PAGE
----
Friday, March 9, 2012

Hello? Hello? Is this thing on?

Let's see if I can remember how to do this.

I've been busy. Really, really busy. There's no need for explanations or excuses. It's my own fault; I take on too much.

So,  I'm getting emails like crazy that the link to my easy-cut hexagon printout isn't working. I moved it to Google Docs last year, and the links seem to be working for me (even when I'm not logged on to Google), so I'm not sure what the problem is. If you have ever previously downloaded any of my PDF's from the downloads page above, please clear your browser cache, reload the page, and try again.

Here's the link to the ONE INCH EASY-CUT HEXAGONS. If you are looking for it and it still won't download, please let me know in the comments below. If you have emailed me requesting permission to use the easy-cut sheet in a class you are teaching, please go ahead and use it. If you haven't asked me if you can distribute and make copies, please don't unless you ask first.

While I'm here, I suppose a little update would be appropriate. This year, in addition to my freelance design job and teaching sewing classes (among other obligations),  I'm training to become a Texas Master Gardener and I am having an absolute blast!

Master Gardener
Gardening isn't a new hobby for me, but this is first time I've received any formal training. The Master Gardener program in my county is the largest and most active in Texas. I've been studying botany, landscaping, fruit and nut production, turf and trees, irrigation and rainwater harvesting, composting, vegetable gardening, entomology, diagnosis and management of plant diseases, plant propagation, flowers and shrubs, and so on and so on. I've added words like xylem, evapotranspiration, and peduncle to my working vocabulary and I now know the difference between a dicot and a monocot.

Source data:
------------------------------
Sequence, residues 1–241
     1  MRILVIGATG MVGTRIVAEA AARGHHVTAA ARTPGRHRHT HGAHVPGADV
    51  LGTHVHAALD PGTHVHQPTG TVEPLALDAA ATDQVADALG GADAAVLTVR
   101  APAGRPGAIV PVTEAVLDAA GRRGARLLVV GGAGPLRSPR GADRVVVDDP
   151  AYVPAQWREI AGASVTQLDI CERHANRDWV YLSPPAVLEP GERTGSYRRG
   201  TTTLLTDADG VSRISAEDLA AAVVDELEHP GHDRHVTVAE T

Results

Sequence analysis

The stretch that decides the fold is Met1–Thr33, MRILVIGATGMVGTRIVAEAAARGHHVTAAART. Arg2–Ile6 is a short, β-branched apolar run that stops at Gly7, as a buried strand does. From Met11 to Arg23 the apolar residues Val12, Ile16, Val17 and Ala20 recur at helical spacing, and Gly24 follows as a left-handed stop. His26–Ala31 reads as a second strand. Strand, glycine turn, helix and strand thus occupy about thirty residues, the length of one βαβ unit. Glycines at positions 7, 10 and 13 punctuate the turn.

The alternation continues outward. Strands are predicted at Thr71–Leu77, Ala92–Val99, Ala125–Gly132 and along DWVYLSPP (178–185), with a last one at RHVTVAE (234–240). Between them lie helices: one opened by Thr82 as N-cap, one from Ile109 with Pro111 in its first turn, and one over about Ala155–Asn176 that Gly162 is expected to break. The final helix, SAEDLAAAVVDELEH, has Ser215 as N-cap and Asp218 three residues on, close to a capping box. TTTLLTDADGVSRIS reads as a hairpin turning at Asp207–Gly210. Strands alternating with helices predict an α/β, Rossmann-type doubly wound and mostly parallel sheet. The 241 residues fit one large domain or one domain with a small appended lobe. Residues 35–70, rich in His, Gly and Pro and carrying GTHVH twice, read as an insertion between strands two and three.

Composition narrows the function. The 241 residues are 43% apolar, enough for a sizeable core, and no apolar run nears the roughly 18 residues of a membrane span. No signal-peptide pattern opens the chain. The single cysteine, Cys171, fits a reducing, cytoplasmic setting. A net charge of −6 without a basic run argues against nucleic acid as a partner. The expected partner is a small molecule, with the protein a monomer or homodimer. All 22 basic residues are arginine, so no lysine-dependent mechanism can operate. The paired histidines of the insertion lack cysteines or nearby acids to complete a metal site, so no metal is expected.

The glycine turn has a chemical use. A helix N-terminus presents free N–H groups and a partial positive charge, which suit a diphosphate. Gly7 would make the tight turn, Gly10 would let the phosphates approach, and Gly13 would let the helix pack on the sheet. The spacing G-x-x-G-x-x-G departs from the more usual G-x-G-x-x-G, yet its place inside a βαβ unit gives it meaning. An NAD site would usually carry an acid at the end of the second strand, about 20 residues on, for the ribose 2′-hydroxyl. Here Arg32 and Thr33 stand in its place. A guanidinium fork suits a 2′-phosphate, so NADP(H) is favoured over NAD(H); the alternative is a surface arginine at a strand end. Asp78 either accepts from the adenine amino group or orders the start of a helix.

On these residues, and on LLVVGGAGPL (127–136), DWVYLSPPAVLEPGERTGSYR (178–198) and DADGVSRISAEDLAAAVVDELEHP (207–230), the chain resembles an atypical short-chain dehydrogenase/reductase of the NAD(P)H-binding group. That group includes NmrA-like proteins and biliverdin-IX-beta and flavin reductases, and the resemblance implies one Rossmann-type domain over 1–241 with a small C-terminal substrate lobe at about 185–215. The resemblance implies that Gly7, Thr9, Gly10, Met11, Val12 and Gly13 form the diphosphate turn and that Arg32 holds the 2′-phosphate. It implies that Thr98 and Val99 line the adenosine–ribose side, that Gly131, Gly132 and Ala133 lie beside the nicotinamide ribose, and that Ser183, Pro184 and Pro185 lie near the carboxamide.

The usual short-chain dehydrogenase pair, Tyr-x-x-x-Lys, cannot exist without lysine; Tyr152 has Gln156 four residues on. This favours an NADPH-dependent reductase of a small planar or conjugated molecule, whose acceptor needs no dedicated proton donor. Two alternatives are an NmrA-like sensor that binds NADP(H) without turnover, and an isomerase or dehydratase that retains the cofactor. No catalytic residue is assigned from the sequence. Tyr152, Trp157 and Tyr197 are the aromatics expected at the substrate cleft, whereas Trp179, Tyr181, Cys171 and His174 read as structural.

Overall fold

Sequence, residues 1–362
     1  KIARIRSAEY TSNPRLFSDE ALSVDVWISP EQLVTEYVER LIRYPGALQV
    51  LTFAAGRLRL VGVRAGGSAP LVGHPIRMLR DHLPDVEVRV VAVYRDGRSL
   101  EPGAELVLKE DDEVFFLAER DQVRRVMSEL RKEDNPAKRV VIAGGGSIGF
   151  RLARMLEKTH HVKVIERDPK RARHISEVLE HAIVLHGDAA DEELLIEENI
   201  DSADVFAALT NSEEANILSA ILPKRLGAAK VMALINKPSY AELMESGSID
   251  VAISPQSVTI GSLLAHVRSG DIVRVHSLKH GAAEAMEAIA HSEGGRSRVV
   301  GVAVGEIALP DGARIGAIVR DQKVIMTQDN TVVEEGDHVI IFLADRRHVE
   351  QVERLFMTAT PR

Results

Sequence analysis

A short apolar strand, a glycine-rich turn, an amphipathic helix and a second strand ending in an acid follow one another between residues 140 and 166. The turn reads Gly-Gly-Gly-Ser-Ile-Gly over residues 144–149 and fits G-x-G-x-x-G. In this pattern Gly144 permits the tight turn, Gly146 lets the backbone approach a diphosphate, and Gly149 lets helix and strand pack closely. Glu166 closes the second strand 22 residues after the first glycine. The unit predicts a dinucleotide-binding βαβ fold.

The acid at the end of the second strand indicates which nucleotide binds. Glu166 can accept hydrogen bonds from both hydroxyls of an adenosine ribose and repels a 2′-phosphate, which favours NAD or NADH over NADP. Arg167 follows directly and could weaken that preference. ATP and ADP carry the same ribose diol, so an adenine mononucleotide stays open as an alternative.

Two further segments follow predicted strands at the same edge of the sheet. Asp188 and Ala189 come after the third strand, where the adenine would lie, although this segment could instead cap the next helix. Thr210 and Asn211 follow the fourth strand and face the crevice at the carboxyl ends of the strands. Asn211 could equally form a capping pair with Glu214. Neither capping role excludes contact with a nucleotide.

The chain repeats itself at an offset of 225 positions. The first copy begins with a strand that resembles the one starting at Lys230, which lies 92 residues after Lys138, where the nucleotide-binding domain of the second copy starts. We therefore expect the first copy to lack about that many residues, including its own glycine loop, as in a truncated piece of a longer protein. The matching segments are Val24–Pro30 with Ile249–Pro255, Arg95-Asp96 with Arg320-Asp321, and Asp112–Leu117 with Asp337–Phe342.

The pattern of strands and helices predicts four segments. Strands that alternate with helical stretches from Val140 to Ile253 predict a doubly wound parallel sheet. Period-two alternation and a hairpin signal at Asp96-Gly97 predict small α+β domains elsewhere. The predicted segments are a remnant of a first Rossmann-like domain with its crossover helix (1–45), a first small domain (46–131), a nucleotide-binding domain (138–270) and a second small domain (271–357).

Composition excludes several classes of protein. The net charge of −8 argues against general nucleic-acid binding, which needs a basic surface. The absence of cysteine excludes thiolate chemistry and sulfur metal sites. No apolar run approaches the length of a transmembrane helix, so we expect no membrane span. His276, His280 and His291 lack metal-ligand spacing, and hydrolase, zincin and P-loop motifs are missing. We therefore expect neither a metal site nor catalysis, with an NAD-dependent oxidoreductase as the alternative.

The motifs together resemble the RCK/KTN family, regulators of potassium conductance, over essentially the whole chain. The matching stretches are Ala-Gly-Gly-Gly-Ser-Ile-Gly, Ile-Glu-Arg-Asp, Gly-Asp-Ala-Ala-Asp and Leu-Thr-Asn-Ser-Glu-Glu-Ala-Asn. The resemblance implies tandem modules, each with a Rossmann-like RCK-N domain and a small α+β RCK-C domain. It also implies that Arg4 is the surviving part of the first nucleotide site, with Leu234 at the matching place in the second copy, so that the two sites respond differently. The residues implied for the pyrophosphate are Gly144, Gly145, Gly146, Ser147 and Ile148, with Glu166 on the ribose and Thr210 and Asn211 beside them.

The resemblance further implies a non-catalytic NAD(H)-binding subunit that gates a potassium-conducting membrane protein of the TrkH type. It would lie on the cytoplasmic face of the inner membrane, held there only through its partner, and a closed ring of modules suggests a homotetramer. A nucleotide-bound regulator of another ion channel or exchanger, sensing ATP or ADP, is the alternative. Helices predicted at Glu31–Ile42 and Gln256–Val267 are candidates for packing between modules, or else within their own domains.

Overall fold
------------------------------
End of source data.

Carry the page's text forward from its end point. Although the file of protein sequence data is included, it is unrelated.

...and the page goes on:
Propagating Roses
The Master Gardener program takes a year to complete. If all goes as planned, I'll graduate in January and become a state-certified Master Gardener. As we move into spring, things are really getting busy! I'm assisting in public school gardens, community gardens, hospital gardens, historic landmark gardens, and women's shelters gardens. I'm working in our amazing Botanic Garden, learning to assist the public with home horticulture when they call the County Extension Office, and this weekend, I'll be working in a conservatory full of butterflies from around the world. I'll be the volunteer at station #1 making sure no one opens the emergency exit, reminding people not to touch the butterflies, and answering questions about the butterflies and plants in the conservatory.
Rag Quilts
If you made it through all that gardening talk, I've done a bit of sewing lately too. I think I've made four rag quilts in the last couple of months. Everyone is having babies!

Next week is spring break and I. Can't. Wait. I'm hoping to make some serious progress in the basement, which we are in the process of converting into a sewing/art/craft studio. There's some sewing I'd like to get done and I just started converting my daughter's unfinished Creative Memories baby book into a Project Life album. And of course, working outside! I've got veggies to set out in the garden and perennials to plant.  I'm going to need a week off after spring break.